Published on February 3rd, 2022 | by David Marshall


Episode 135/136: Burmese Amber Pt2

Continuing our mini series on Burmese Amber, we now turn our focus to the ethics of working on this fossil material. Can possessing or working on amber from Myanmar ever be considered ethical?

In the first part of this episode, we examine the political context, work around Myanmar’s fossil exportation laws and follow the money back through the trade routes. In the second part we discuss why it’s currently unethical to study Burmese amber, what palaeontologists can do about that, and whether the situation might change in the future.

Joining us to guide us through this process are Nussaïbah Raja (Friedrich-Alexander University Erlangen-Nürnberg) and Dr Emma Dunne (University of Birmingham), authors of a soon-to-be-released study looking at exactly these issues. Both guests co-lead the Pal(a)eoScientometrics project.

A global power imbalance exists in palaeontology, where researchers in relatively high income countries contribute 97% of palaeontological knowledge production.
a). The number of fossil localities sampled in each country displayed on a tile grid map to avoid distorting the representation of the data that is typical of standard map projections. Two-letter country codes are shown for countries with greater than 10,000 fossil localities. b). Percentage contribution of the top 15 countries to the total fossil data analysed in this study. The colour of each bar represents whether the authors of each country conducted their research domestically (that is, in the same country), in a foreign country, or in a foreign country without collaboration with local palaeontologists.
Via: Raja, N.B., Dunne, E.M., Matiwane, A. et al. Colonial history and global economics distort our understanding of deep-time biodiversity. Nat Ecol Evol (2021).
Scientific colonialism can often be viewed as ‘parachute science’, where researchers ‘drop in’ to other countries to conduct research and leave without any engagement with the local community, including local researchers. Myanmar has the second-largest rates.
a). The parachute index of world countries, where tiles assigned to a country’s code indicate those countries that are mentioned in publications by solely foreign researchers (that is, no local collaboration) b). The 10 countries (with more than 30 publications in our dataset) that are the worst impacted by parachute science. Negative values indicate greater presence of parachute science, that is, research by foreign researchers that does not involve any local collaborators. Light grey tiles represent countries with no available data.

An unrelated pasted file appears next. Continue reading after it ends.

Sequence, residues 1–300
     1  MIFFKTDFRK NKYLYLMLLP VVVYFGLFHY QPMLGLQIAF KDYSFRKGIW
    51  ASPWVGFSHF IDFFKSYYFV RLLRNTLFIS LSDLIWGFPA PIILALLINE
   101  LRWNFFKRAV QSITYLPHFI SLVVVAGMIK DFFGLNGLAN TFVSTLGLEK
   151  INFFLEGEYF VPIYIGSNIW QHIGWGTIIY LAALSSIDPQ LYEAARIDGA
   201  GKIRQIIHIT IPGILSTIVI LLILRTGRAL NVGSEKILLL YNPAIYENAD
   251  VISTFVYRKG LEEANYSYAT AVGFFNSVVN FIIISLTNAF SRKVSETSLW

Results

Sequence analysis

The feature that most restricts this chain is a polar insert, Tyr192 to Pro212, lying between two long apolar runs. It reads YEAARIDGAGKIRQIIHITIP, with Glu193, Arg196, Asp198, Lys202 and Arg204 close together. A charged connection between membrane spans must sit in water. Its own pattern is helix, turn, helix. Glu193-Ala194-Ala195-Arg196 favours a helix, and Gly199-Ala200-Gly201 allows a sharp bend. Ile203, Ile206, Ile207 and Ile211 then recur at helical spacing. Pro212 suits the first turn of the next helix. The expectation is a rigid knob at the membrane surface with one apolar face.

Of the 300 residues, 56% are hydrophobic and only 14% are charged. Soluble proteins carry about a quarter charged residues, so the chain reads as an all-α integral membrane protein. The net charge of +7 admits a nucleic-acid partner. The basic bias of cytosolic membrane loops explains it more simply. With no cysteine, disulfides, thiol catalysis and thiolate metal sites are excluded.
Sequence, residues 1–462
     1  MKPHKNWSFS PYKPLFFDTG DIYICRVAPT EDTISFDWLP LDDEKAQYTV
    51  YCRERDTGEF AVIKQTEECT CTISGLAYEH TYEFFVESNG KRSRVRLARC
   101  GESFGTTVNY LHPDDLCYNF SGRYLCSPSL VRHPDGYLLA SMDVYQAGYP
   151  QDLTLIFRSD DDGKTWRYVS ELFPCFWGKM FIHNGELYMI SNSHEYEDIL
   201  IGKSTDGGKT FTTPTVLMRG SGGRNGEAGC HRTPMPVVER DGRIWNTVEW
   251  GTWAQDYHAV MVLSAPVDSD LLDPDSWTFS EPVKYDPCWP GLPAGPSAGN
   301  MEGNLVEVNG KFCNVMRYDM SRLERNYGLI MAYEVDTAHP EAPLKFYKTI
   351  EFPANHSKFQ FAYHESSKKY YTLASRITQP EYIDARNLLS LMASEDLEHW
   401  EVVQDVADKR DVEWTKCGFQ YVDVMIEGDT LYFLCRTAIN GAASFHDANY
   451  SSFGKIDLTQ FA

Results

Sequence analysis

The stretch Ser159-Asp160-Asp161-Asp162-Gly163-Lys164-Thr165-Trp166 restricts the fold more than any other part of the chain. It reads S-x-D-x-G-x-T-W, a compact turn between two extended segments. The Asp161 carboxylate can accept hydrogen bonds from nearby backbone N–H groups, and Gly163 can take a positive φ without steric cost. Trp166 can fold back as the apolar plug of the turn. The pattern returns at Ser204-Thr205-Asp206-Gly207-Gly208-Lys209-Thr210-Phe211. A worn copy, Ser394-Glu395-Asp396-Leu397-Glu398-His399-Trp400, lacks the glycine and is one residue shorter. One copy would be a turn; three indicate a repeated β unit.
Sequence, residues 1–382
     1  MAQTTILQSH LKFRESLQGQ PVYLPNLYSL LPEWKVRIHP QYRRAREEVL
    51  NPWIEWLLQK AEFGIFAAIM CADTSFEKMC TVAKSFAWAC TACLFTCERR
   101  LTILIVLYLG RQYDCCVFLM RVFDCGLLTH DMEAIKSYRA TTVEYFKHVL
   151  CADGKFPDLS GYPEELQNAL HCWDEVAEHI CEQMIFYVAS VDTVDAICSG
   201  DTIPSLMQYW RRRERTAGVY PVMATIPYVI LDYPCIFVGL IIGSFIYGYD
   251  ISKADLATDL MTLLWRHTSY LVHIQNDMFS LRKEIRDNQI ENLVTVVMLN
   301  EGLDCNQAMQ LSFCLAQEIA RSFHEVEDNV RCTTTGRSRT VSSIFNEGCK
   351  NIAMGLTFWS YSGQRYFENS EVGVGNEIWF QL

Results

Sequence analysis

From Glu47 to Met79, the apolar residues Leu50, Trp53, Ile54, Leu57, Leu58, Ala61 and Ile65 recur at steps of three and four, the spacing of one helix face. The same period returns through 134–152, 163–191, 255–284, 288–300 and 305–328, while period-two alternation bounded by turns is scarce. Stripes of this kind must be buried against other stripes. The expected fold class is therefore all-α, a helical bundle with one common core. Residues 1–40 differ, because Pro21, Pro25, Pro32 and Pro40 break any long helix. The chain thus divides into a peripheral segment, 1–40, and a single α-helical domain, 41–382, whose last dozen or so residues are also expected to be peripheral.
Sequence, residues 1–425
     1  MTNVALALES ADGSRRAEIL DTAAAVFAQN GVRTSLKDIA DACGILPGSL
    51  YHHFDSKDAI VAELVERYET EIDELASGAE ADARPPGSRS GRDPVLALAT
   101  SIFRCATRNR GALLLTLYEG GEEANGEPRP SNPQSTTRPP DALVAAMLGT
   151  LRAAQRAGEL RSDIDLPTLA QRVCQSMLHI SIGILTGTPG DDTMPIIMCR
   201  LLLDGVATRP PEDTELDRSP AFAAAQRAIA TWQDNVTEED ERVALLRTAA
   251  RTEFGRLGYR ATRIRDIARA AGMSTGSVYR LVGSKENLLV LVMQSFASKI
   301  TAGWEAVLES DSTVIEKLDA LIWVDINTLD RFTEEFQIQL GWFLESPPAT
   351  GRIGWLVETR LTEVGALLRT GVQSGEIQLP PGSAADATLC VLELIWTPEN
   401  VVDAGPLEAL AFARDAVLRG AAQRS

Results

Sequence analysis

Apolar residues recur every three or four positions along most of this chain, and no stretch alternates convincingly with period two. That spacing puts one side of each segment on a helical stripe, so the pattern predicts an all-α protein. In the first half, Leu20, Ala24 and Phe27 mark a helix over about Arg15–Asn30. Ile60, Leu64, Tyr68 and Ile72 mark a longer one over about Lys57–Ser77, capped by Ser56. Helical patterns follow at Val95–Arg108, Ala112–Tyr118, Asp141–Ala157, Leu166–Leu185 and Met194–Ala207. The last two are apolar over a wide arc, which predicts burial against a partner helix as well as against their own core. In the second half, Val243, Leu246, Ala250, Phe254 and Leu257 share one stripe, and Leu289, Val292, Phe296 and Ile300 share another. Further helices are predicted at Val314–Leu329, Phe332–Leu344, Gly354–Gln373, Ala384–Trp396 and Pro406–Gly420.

Via: Raja, N.B., Dunne, E.M., Matiwane, A. et al. Colonial history and global economics distort our understanding of deep-time biodiversity. Nat Ecol Evol (2021).
A timeline of the major political and economic events over the last 30 years since there have been publications on Myanmar amber. The change in colour of the dots represents a ‘breakpoint’ where things start to dramatically increase.

UN Independent International Fact-Finding Mission on Myanmar

In March 2017, the United Nations Human Rights Council established the Independent International Fact-Finding Mission on Myanmar (IIFFMM) to establish the facts and circumstances of the alleged human rights violations by military and security forces, and abuses, in Myanmar. The mandate of the IIFFMM ended in September 2019. That report can be accessed here:

Society of Vertebrate Paleontology Recommendations for Researchers, Research Institutions, and Publishers for Myanmar Amber:


Video: Illicit fossils: the ethical dilemma in protecting the world’s natural history

For in-depth reports into these issues, featuring many other images of the mines and markets, please follow the following links:

Nan Lwin Hnin Pwint, 2019. Displaced by Clashes Over Amber, Villagers in Myanmar’s Kachin State Risk Death to Secretly Mine It. The Irrawaddy.

Joshua Sokol. 2019. Fossils in Burmese amber offer an exquisite view of dinosaur times—and an ethical minefield. Science.

Cover image: Royal Saskatchewan Museum/R.C. McKellar

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